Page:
- to consume (liquids) by drinking; drink: He imbibed great quantities of iced tea.
- to absorb or soak up, as water, light, or heat: Plants imbibe moisture from the soil.
- to take or receive into the mind, as knowledge, ideas, or the like: to imbibe a sermon; to imbibe beautiful scenery.
- to drink, especially alcoholic beverages: Just a soft drink for me—I don't imbibe.
- to absorb liquid or moisture.
- Archaic. to soak or saturate; imbue.
Origin of imbibe
SynonymsSee more synonyms for imbibe on Thesaurus.com
Examples from the Web for imbiber
Cider is said to render the imbiber gout-proof and rheumatism-proof, but requires a long apprenticeship to render it palatable.In the Heart of Vosges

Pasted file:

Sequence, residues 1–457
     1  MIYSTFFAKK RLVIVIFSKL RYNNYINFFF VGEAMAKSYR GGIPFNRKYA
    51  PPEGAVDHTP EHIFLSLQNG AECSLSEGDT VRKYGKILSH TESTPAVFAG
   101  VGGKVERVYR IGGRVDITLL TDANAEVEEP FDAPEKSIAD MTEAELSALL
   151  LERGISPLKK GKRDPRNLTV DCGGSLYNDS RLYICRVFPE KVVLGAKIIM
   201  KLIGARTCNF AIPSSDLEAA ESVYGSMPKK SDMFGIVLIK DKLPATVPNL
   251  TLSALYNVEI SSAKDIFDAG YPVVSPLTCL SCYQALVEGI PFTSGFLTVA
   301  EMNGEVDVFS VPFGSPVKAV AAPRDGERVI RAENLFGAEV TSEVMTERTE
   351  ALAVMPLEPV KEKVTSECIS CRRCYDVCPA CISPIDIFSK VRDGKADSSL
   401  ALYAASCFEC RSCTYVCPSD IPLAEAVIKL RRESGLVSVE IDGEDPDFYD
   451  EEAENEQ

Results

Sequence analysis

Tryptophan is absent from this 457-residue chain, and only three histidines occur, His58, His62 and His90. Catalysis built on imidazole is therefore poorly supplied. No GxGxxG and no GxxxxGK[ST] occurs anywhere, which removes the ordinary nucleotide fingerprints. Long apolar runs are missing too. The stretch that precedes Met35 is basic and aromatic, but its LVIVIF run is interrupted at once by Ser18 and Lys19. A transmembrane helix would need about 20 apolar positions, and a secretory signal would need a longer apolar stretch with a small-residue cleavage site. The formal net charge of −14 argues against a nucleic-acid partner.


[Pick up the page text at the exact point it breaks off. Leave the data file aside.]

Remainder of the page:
At first the imbiber shakes as with the ague; and presently he begins to rave as if in delirium.In Search of a Siberian Klondike
Homer B. Hulbert
And the Imbiber, who was with difficulty keeping his lips in proper form, was glad enough to accept the invitation.
He had overheard the Idiot's confidences, as revealed to the genial Imbiber, regarding the sources of some of his ideas.
- to drink (esp alcoholic drinks)
- literary to take in or assimilate (ideas, facts, etc)to imbibe the spirit of the Renaissance
- (tr) to take in as if by drinkingto imbibe fresh air
- to absorb or cause to absorb liquid or moisture; assimilate or saturate
Word Origin and History for imbiber
late 14c., from Old French imbiber, embiber "to soak into," from Latin imbibere "absorb, drink in, inhale," from assimilated form of in- "into, in, on, upon" (see in- (2)) + bibere "to drink," related to potare "to drink," from PIE *po(i)- "to drink" (see potion). Figurative sense of "mentally drink in" (knowledge, ideas, etc.) was the main one in classical Latin, first attested in English 1550s. Related: Imbibed; imbibing.